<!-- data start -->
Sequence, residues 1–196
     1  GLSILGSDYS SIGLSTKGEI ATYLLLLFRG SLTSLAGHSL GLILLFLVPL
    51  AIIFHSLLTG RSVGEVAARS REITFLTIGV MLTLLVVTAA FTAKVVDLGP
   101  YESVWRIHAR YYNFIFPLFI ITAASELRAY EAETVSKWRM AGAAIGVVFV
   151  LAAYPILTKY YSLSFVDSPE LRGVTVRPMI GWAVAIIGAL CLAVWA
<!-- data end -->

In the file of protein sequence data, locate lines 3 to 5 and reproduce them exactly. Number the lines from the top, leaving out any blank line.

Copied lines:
    51  AIIFHSLLTG RSVGEVAARS REITFLTIGV MLTLLVVTAA FTAKVVDLGP
   101  YESVWRIHAR YYNFIFPLFI ITAASELRAY EAETVSKWRM AGAAIGVVFV
   151  LAAYPILTKY YSLSFVDSPE LRGVTVRPMI GWAVAIIGAL CLAVWA